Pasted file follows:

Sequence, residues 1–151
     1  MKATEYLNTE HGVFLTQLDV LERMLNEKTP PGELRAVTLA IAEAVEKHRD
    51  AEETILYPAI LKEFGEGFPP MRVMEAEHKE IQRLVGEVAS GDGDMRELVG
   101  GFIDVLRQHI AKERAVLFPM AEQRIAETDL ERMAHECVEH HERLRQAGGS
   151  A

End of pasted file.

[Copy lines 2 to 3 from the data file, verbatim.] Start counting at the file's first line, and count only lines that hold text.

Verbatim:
     1  MKATEYLNTE HGVFLTQLDV LERMLNEKTP PGELRAVTLA IAEAVEKHRD
    51  AEETILYPAI LKEFGEGFPP MRVMEAEHKE IQRLVGEVAS GDGDMRELVG